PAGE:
Free Energy: From Solar Computers and Battery-Free Sensors to Black Holes

A hundred years ago, Nikola Tesla dreamt of free electricity for everyone. Opposing centralized, highly polluting coal-fired power plants, the influential inventor imagined a system that would generate limitless power by harvesting the Earth’s “fluid electrical charges.”

Free Energy: From Solar Computers and Battery-Free Sensors to Black Holes

He saw the extraction, transportation, and burning of fossil fuels as a sinful waste and envisioned wireless electric power networks that would deliver free energy to every single human being on Earth.

For Tesla, the coal-based model was perpetrated by a group of “Ignorant, unimaginative people, consumed by self-interest.” Now, as oil and gas companies spend hundreds of millions of dollars on climate change denial efforts, the prophetic quality of Tesla’s vision has become apparent.

The computers of the future will be tiny and will harvest their own energy. Devices powered by photovoltaic panels are already on the market, and a battery-free world is just around the corner. The new ferroelectric RAM is more durable and requires very little power to work. Sooner than later, we won´t need to connect our devices to a power source.

New technology co-developed by a Dutch scholar, Jasper de Winkel, has been able to power a Nintendo Game boy with 11.5 milliwatts of energy, about 100 times less than an ordinary cell phone.

The next generation of supercomputers will harvest energy from their surroundings. They will not need to reboot and will be perpetually on.

The wireless power network Tesla dreamed of is already a reality. A company founded by University of Washington scholars, Jeeva Wireless, has raised millions of dollars to develop battery-free, disposable sensors. Jeeva’s technology enables small electronics to be powered wirelessly from radio, television, WiFi signal, and cell phone signals.

Jeeva has received a grant to implement the technology at hospitals and health clinics “in the form of inventory intelligence systems for fast-moving medical supplies such as boxes of disposable gloves, masks, tubing, and syringes. Jeeva's technology will help track location, usage state, expiration date, and other parameters of inventory items.” The applications of ‘backscattering’ passive radio networks are seemingly endless.

UW professor Joshua R. Smith and his team have shown that it is possible to harvest energy from the constant flux of radio waves in our environment and use it to power sensors and computers. Smith’s lab has successfully used radio waves to power a battery-free digicam wirelessly, among other remarkable achievements. According to the scientist, cell phones may continue to have batteries, but they will still offer basic functions when the battery runs out, thanks to energy harvesting.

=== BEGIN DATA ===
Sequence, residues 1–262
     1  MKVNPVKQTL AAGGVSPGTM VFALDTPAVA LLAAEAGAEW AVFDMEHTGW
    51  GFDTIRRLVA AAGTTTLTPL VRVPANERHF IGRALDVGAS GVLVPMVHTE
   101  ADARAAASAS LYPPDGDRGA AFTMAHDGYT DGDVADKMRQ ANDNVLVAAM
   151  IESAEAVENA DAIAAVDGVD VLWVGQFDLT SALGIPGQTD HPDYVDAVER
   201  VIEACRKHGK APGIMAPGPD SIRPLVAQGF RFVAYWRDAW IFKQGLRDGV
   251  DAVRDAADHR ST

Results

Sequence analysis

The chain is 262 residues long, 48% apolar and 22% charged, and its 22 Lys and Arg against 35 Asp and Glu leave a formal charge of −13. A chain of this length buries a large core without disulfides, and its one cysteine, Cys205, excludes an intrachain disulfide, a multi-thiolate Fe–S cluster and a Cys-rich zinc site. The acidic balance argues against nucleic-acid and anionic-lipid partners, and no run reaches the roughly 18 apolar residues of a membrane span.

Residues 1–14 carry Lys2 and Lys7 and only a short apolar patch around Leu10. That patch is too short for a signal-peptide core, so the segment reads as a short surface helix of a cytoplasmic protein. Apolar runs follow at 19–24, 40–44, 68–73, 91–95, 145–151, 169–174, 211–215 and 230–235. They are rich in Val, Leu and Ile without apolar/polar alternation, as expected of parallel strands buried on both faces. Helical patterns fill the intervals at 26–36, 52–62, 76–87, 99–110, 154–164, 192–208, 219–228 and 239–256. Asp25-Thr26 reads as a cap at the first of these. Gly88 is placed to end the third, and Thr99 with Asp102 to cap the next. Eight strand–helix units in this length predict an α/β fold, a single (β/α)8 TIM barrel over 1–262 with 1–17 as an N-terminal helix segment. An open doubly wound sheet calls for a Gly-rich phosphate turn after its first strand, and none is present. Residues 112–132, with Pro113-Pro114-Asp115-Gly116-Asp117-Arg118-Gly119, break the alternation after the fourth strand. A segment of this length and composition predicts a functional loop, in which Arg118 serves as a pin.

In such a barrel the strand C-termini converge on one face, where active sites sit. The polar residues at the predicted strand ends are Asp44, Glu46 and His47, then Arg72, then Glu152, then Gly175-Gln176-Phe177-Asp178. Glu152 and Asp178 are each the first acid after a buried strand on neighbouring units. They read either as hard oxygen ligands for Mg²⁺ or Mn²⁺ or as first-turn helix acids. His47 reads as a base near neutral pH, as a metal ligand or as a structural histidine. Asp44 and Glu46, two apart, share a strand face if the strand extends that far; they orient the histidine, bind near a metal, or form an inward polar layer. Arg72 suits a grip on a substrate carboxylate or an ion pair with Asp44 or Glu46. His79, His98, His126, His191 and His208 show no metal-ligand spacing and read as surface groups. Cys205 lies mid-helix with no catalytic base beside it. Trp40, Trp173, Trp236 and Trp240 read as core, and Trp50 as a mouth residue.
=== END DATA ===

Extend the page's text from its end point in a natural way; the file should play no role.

Jeeva co-founder Shyam Gollakota once told Geekwire, “I want to create a future where the energy consumption of providing internet connectivity is negligible, and we can design computers that can compute, interact and communicate without worrying about power consumption. My goal is to build the technologies that will go into every one of the next billion internet devices, and I co-founded Jeeva Wireless to make this happen.”

All over the world, researchers are working on technology that will enable us to harvest energy from anything from physique warmth to microbes. Jeeva Wireless has announced it will commercialize a chip featuring its proprietary technology in 2021.

Black Hole Power

Some energy harvesting methods promise to be much more spectacular. At Columbia, a team of researchers envisions powering the entire planet with the energy of a black hole.

The particles surrounding a black hole are highly energetic and carry a magnetic field. “When magnetic field lines disconnect and reconnect,” Columbia researcher Luca Comisso explains, “they can accelerate plasma particles to negative energies, and large amounts of black hole energy can be extracted.” In the future, he argues, this could be used to power an entire civilization.

“It is like a person could lose weight by eating candy with negative calories,” Comisso explains. “This might sound weird, but it can happen in a region called the ergosphere, where the spacetime continuum rotates so fast that every object spins in the same direction as the black hole.”

Whether we use solar, radio waves, black holes, or a combination of the three, one thing is clear; free energy is the next big thing. Jeeva and other companies exploring similar technology will give new meaning to the Internet of Things over the next decade.

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